South Korean Won (KRW)

The South Korean Won (KRW) is the official currency of South Korea. It is denoted by the symbol ₩, and its ISO 4217 currency code is KRW. The won is subdivided into 100 jeon, although jeon coins are no longer used in daily transactions due to their low value. The currency is issued and managed by the Bank of Korea, the country's central bank.

The BOK is responsible for issuing and managing the South Korean Won (KRW).

The current South Korean won was introduced on June 10, 1962, replacing the first South Korean won at a rate of 1 new won = 10 old won. The first South Korean won was introduced in 1945 after the end of World War II and the subsequent liberation of Korea from Japanese rule. Before the won, the Korean yen, which was pegged to the Japanese yen, was the currency used in Korea.

The South Korean won's value has experienced fluctuations over time due to various economic and political factors. In the early years, the won was pegged to the US dollar at a fixed exchange rate. However, it transitioned to a floating exchange rate system in 1997 following the Asian financial crisis.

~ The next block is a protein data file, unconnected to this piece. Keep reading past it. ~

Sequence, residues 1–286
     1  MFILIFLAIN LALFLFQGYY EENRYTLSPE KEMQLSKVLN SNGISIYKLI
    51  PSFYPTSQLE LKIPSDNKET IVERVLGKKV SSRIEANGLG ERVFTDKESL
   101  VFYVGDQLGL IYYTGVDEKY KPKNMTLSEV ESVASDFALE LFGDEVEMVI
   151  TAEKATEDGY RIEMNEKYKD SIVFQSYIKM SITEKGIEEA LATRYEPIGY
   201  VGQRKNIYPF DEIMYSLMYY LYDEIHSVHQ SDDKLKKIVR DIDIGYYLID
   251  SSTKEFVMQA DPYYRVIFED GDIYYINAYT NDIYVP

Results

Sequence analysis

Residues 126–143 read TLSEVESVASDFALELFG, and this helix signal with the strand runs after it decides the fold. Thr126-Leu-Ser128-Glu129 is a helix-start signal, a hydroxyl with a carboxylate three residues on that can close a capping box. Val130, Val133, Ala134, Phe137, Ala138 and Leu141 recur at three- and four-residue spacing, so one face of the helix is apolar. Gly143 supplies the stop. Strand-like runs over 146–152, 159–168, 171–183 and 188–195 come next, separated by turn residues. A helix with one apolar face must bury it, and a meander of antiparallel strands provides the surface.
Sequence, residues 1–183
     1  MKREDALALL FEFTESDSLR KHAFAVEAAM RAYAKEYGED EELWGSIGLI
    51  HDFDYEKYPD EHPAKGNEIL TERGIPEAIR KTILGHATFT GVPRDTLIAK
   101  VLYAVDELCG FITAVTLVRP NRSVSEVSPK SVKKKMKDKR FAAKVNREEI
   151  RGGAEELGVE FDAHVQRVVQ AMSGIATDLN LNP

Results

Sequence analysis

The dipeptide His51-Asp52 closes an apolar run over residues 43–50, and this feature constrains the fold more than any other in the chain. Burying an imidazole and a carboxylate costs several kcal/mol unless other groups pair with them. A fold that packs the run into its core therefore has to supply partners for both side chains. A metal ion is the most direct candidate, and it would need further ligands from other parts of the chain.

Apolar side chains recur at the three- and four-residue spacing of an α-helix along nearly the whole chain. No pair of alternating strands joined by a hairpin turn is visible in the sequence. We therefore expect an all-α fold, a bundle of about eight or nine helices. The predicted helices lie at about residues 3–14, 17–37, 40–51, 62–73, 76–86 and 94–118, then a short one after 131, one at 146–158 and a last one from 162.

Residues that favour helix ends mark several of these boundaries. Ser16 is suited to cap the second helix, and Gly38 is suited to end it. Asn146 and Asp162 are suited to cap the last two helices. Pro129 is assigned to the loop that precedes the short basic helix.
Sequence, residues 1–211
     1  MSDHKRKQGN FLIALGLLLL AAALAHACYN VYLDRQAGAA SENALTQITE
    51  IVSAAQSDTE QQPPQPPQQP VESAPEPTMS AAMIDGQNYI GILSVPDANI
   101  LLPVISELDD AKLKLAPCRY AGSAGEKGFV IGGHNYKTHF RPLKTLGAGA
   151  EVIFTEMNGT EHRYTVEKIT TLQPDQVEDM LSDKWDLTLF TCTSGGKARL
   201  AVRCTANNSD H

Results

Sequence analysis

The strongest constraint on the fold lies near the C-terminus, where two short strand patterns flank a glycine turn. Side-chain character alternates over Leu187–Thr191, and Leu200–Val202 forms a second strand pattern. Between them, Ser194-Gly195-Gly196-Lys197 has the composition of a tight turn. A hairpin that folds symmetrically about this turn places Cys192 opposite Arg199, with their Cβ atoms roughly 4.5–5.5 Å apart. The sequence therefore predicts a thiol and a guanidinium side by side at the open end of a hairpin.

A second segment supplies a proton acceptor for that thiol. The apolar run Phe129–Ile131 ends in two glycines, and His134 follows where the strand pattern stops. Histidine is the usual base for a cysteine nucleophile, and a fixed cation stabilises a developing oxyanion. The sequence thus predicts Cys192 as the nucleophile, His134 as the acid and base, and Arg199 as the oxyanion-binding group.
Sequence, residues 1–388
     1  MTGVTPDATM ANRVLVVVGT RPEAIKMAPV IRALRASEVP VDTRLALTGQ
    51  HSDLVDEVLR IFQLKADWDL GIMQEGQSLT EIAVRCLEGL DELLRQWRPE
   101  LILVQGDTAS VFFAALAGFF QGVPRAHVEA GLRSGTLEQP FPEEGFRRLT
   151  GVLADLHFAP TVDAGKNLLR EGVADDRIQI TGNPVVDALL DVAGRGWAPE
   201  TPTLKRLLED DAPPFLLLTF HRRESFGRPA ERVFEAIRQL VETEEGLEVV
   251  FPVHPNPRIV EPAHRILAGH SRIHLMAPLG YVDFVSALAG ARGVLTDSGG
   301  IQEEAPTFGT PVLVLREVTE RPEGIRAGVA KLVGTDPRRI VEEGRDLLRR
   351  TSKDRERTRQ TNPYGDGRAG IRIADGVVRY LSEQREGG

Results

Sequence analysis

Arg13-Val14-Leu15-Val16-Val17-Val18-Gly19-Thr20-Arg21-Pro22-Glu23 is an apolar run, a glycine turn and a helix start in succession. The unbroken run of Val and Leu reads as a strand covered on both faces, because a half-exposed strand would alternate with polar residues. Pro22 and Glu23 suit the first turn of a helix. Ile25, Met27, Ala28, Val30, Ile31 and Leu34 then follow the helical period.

Today, South Korean won banknotes are available in denominations of 1,000, 5,000, 10,000, and 50,000 won, while coins are available in denominations of 1, 5, 10, 50, 100, and 500 won. The designs on the banknotes and coins feature prominent Korean historical figures, cultural symbols, and landmarks.

As one of the world's largest economies, South Korea relies heavily on international trade. The value of the won plays a significant role in the country's exports and imports, with a weaker won making South Korean goods more competitive in global markets.